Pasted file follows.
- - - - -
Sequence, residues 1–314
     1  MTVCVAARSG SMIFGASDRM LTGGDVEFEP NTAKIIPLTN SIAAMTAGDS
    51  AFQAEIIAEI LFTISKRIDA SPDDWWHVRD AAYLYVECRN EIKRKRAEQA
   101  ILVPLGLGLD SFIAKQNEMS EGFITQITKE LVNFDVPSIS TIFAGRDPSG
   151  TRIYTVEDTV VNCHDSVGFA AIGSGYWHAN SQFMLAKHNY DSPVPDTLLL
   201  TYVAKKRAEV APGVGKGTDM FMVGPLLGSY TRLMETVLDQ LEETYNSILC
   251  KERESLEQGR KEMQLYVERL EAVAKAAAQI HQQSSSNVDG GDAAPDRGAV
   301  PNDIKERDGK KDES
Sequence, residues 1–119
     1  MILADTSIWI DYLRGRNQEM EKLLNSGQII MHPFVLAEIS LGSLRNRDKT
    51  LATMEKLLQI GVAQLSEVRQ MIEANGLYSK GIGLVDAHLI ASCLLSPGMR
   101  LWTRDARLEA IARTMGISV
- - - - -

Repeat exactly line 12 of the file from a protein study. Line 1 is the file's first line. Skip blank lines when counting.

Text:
   101  LWTRDARLEA IARTMGISV